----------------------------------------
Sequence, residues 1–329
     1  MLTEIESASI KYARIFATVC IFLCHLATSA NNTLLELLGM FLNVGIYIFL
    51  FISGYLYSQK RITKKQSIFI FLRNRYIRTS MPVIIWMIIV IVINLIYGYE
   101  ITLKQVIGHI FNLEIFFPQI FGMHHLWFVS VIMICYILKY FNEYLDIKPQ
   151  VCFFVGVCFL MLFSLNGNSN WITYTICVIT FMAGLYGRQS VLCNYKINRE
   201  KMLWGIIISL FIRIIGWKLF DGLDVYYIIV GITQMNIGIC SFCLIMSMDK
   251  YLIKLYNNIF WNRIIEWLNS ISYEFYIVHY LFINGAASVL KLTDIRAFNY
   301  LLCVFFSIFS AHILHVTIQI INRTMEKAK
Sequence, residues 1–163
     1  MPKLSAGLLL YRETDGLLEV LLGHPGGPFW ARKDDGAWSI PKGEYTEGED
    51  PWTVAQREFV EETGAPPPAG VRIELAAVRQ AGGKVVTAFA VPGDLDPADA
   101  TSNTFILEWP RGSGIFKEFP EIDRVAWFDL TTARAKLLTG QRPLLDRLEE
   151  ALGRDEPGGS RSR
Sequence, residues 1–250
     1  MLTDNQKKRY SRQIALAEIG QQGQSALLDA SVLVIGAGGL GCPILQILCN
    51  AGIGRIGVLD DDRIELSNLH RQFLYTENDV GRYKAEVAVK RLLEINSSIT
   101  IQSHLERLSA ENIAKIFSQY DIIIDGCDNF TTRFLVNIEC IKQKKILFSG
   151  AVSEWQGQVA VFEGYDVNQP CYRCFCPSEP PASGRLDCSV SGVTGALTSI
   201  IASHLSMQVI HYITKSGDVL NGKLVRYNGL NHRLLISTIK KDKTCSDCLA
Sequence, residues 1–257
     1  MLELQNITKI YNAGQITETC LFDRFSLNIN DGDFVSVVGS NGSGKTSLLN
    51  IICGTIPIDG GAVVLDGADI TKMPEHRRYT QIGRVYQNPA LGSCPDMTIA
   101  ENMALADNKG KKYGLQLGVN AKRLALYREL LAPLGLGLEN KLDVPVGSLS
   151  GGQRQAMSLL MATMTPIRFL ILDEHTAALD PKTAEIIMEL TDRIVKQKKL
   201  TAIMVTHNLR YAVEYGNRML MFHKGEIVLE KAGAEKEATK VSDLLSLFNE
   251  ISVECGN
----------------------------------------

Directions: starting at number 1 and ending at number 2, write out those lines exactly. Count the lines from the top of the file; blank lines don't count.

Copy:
Sequence, residues 1–329
     1  MLTEIESASI KYARIFATVC IFLCHLATSA NNTLLELLGM FLNVGIYIFL